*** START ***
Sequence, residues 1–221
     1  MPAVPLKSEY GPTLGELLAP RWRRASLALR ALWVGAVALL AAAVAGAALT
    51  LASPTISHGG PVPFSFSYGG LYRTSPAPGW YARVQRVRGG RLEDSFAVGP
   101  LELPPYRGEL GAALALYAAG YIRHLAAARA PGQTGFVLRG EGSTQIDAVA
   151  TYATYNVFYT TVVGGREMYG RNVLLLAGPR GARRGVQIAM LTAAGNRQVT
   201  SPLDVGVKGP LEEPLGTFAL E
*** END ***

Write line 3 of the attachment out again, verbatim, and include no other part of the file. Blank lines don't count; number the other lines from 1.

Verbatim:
    51  LASPTISHGG PVPFSFSYGG LYRTSPAPGW YARVQRVRGG RLEDSFAVGP